Julian Sands, a British actor who defied typecasting but was best known for his portrayal of free-spirited passion in the Edwardian period piece “A Room With a View,” was found dead more than five months after he went missing while hiking near Mount Baldy in California’s San Gabriel Mountains. He would have been 65.
Mr. Sands, an avid outdoorsman, was reported missing on Jan. 13. Rescue teams undertook a ground search, which was soon suspended because of weather and the threat of avalanches. They continued surveilling the area by helicopter and drone.
More ground searches followed, and on June 24 hikers discovered human remains in the area where Mr. Sands had gone missing. The San Bernardino County Sheriff’s Department announced on June 27 that the remains had been positively identified as those of Mr. Sands and that the manner of death is still under investigation, pending further test results.
Mr. Sands was a mainstay of European and Hollywood movie sets for the past four decades and felt happiest, he once told the Guardian, when he was “close to a mountain summit on a glorious cold morning.”
With his blond locks and blue eyes, Mr. Sands could appear unconventionally handsome or icily sinister, a range that he embraced as he amassed more than 150 film and TV credits over his career.
He delivered his first notable screen performance — small but distinguished — as a photographer covering the Cambodian genocide in the 1984 drama “The Killing Fields.” His breakthrough came the following year in “A Room With a View,” an acclaimed 1985 film adaptation of E.M. Forster’s novel. Produced by Ismail Merchant and directed by James Ivory, the film was nominated for eight Academy Awards and won three.
Playing the ebullient George Emerson, Mr. Sands appeared opposite Helena Bonham Carter as Lucy Honeychurch, an upper-crust Englishwoman on holiday in Florence in the early 1900s. With his unbridled verve — at one point, Lucy catches George unawares and in the nude, skinny-dipping with friends in a sylvan romp — he reveals to her what life might be like unconstrained by her high lace collars.
In one scene, backed by a soaring operatic aria, George and Lucy kiss in an Italian field under the scandalized eye of Lucy’s chaperone (Maggie Smith). That moment, Mr. Sands said he heard from fans, was “more of a turn-on for some people than an explicit sex scene could ever have been.”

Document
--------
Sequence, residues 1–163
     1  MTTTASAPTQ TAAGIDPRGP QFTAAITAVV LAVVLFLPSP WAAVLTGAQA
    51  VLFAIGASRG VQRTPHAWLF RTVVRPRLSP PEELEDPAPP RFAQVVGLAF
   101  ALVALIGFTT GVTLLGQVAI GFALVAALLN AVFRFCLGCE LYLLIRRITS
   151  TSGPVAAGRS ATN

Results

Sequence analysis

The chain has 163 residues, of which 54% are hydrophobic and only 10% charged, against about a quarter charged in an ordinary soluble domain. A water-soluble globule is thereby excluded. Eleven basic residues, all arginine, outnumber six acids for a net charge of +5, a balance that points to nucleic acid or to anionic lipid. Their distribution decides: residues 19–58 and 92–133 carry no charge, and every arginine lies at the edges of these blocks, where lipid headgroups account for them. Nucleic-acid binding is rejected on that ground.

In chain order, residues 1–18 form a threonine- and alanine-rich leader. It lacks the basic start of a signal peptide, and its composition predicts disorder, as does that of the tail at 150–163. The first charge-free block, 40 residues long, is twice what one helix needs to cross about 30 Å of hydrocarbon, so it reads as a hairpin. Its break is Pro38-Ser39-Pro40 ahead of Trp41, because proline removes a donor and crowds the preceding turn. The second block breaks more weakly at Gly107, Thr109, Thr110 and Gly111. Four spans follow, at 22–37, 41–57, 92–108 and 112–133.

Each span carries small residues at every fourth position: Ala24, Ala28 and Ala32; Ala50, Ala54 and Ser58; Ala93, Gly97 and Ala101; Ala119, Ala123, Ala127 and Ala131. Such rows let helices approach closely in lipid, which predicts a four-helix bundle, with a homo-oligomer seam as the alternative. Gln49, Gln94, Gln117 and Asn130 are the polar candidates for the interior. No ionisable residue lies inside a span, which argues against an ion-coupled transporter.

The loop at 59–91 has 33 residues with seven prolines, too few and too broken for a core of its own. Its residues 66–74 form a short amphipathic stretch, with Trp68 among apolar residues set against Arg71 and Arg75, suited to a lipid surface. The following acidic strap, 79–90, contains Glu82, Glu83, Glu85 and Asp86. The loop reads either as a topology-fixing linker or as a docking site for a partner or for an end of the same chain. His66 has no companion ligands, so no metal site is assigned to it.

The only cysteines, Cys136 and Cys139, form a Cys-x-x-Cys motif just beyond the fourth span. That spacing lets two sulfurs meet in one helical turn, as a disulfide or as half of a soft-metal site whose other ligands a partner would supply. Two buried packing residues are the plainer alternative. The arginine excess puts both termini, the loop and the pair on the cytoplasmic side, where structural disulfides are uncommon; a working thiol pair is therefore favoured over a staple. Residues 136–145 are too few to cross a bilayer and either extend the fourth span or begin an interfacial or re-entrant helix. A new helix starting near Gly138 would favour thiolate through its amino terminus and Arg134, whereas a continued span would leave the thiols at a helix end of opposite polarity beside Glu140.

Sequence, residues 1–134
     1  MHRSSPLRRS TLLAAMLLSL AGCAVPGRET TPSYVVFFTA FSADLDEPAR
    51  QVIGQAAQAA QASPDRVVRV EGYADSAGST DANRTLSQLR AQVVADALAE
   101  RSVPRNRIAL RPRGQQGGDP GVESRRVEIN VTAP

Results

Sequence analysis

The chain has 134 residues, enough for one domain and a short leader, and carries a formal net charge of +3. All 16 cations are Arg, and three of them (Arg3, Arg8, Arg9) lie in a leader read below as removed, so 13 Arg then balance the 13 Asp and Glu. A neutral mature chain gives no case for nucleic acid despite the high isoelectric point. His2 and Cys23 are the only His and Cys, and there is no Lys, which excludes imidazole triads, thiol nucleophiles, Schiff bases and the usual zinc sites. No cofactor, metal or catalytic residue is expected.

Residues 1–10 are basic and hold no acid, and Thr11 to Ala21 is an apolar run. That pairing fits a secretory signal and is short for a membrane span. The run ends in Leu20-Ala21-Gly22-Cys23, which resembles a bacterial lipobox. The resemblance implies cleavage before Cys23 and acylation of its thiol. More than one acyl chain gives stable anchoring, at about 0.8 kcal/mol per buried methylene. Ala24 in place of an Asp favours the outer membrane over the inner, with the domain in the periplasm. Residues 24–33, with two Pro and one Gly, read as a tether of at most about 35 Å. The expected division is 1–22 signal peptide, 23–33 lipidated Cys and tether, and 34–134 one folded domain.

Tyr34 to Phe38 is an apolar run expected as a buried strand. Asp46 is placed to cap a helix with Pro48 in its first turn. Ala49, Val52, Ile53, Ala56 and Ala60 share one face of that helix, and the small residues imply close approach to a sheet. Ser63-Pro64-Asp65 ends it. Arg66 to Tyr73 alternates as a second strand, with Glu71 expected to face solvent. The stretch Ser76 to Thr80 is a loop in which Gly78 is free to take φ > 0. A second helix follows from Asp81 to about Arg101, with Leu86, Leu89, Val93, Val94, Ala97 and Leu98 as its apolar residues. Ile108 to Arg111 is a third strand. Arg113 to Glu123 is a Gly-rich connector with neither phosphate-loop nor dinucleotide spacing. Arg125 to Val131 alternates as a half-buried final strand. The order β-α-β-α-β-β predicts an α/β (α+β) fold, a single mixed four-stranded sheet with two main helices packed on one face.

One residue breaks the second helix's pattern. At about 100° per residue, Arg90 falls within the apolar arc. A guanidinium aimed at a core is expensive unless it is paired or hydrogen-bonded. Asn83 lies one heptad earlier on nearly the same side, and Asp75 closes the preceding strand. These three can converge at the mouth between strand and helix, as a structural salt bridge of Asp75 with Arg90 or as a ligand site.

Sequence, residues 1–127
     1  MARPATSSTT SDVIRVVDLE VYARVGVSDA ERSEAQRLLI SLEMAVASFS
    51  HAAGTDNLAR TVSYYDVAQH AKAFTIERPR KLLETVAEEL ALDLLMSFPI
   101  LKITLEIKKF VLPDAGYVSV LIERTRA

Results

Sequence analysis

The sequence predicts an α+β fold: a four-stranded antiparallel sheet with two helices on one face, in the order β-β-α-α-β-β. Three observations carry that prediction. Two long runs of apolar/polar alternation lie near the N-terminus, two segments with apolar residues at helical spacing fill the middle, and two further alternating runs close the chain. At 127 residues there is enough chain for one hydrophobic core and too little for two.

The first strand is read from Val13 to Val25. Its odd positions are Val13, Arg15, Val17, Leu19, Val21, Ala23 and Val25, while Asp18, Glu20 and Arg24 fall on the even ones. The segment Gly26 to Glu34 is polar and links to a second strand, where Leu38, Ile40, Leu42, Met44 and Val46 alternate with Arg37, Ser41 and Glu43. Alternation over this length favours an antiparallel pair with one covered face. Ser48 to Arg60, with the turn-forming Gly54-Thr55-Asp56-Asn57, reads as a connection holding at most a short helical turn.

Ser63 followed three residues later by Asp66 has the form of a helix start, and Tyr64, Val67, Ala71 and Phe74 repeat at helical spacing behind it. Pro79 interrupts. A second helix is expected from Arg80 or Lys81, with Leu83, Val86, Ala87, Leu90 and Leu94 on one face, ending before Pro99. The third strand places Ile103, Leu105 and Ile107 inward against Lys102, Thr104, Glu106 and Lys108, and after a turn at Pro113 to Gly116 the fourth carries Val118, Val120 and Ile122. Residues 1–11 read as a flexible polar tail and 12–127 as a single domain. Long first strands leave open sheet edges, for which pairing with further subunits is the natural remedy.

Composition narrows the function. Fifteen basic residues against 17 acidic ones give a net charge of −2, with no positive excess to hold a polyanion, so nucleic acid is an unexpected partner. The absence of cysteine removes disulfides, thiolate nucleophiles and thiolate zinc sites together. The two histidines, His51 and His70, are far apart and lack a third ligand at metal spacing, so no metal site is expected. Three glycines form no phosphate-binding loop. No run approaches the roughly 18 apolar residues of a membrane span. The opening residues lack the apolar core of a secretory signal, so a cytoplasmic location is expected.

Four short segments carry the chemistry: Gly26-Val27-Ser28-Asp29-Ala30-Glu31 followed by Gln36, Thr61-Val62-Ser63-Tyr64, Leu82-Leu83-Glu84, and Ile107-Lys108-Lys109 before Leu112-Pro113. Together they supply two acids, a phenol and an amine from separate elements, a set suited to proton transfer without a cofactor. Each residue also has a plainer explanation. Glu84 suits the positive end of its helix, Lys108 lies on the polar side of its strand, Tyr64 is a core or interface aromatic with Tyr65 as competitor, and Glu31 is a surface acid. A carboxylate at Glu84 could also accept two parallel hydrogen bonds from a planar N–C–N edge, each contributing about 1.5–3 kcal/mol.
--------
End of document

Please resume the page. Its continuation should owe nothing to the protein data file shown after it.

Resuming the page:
After the success of “A Room With a View,” Mr. Sands moved to Hollywood, although he said he didn’t wish to become “a Hollywood actor.”
“I was looking for something exotic, things that took me out of myself,” he told the Guardian. “I think I found myself a little boring.”
In one of his first post-“Room” roles, he tried an entirely different style of period piece, playing the English Romantic poet Percy Bysshe Shelley in “Gothic” (1986), director Ken Russell’s horror-film version of an actual encounter between writers including Shelley, his wife Mary, as played by Natasha Richardson, and Lord Byron, as played by Gabriel Byrne.
“James Ivory is like an Indian miniaturist, and Ken Russell is a graffiti artist,” Mr. Sands told the New York Times, reflecting on the differences between the two directors. “James Ivory is like an ornithologist watching his subjects with a pair of binoculars from afar, whereas Ken Russell is a big-game hunter filming in the middle of a rhino charge.”
Mr. Sands moved even further from Merchant-Ivory fare as the title character in “Warlock” (1989), about a 17th-century male witch transplanted to modern-day Los Angeles. “As the warlock, I am the prince of malevolence,” Mr. Sands told a reporter. “He’s so totally bad there is something attractive and pure about his evil.”
Reviewing the film in the Times, critic Vincent Canby wrote that “as such nonsense goes, ‘Warlock’ is unexpectedly entertaining.” Mr. Sands again appeared as the witch in “Warlock: The Armageddon” (1993).